“ERROR 1366 (22007): Incorrect string value” in MySQL/MariaDB (SOLVED)

How to insert emoji into MySQL/MariaDB database

On the one hand, inserting emoji into a MySQL / MariaDB database table does not require any special preparatory steps – just insert one or more emoji characters, which may contain other text. For example:

INSERT INTO TestTABLE (`test_column`) VALUES ("🎫⏭️✈️ and hi 🌅");

But when executing the previous request, you may encounter an error:

ERROR 1366 (22007): Incorrect string value: '\xF0\x9F\x8E\xAB\xE2\x8F...' for column `TestDB1`.`TestTABLE`.`test_column` at row 1

Why does the “ERROR 1366 (22007): Incorrect string value” occur

Emoji are characters that use four bytes of UTF-8 encoding. As a reminder, UTF-8 is a variable length encoding, and MySQL/MariaDB allow the utf8mb3 and utf8mb4 character sets, which use 3 and 4 bytes per code point, respectively.

Now utf8mb3 is considered rather an obsolete character set, and when creating databases as well as tables, it is recommended to use only the utf8mb4 character set.

See the article for details: What is the difference between utf8_general_ci, utf8_unicode_ci, utf8mb4_general_ci, utf8mb4_unicode_ci collations. Which collation, character set and encoding to choose for MySQL database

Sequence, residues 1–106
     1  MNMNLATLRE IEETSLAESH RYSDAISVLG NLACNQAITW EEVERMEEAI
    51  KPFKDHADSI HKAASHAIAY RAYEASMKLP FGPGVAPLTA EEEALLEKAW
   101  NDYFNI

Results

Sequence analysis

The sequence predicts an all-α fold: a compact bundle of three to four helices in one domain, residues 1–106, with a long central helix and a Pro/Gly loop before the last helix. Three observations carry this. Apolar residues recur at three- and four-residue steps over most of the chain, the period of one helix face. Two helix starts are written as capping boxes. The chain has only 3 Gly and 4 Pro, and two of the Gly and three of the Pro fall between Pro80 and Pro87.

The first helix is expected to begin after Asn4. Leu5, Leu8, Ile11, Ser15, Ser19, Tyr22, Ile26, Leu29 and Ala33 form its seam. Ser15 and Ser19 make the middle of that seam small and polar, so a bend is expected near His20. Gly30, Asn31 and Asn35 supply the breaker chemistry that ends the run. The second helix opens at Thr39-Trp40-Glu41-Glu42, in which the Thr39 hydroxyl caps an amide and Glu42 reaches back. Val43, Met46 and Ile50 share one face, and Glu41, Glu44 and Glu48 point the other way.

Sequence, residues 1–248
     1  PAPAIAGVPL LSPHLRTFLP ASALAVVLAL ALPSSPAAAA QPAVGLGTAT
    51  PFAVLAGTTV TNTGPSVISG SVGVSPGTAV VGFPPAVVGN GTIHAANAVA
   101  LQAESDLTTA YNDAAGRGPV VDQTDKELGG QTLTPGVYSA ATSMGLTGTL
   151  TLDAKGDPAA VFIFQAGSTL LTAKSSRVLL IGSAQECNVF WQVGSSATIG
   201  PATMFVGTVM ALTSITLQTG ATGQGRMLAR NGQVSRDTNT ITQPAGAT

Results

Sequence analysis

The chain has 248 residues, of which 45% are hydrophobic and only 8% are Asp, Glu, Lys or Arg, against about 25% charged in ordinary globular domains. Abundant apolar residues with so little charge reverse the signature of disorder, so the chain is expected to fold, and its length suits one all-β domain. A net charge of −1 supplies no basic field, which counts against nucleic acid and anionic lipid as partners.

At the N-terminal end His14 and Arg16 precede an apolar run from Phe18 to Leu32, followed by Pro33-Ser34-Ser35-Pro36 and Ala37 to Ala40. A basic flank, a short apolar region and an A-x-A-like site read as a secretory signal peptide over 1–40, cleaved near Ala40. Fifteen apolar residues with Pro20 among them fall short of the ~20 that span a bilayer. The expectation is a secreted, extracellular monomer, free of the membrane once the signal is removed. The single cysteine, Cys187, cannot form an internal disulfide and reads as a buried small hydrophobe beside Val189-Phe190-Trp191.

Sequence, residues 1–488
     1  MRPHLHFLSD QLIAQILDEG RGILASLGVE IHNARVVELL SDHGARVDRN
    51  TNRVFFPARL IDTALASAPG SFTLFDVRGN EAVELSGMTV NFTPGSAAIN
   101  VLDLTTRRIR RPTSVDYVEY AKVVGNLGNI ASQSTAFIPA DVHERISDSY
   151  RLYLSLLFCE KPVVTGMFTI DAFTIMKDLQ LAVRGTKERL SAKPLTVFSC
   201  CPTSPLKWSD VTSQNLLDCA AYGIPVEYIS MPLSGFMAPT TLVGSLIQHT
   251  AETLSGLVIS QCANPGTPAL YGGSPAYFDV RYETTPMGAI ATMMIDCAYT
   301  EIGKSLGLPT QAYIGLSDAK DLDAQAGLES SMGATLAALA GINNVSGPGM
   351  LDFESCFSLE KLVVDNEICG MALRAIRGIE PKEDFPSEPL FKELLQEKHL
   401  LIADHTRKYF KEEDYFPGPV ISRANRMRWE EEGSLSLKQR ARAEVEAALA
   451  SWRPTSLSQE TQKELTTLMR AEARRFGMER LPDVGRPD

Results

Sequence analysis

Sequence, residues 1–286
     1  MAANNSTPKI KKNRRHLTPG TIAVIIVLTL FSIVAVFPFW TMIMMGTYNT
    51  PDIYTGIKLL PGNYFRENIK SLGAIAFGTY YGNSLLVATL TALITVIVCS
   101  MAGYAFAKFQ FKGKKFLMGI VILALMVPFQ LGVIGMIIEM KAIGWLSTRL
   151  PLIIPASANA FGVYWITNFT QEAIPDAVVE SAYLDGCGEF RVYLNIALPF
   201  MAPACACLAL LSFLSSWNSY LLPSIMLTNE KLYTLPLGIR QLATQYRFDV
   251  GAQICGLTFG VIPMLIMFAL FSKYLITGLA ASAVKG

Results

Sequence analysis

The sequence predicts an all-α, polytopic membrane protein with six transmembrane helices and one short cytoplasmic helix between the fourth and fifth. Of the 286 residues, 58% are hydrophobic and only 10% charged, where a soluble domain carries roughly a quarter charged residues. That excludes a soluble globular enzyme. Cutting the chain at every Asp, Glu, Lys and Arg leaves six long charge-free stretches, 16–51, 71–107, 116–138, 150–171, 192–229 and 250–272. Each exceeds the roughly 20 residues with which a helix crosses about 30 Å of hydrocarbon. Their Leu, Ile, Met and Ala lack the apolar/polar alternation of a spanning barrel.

How to fix “ERROR 1366 (22007): Incorrect string value” error

  1. To store texts that contain emoji, you must not only select the UTF-8 encoding, but also select the utf8mb4 character set. This must be done for the database as a whole, as well as tables and columns.
  2. If the database uses utf8mb4, then even in this case it is necessary to specify the correct character set in the MySQL / MariaDB server connection properties.

All these issues are discussed in more detail below.

How to check that database and table use utf8mb4 character set

To check which character set a database is using, run a query like this (replace _TestDB_ with the name of the database):


Sample output:

CREATE DATABASE `TestDB` /*!40100 DEFAULT CHARACTER SET utf8mb4 COLLATE utf8mb4_unicode_ci */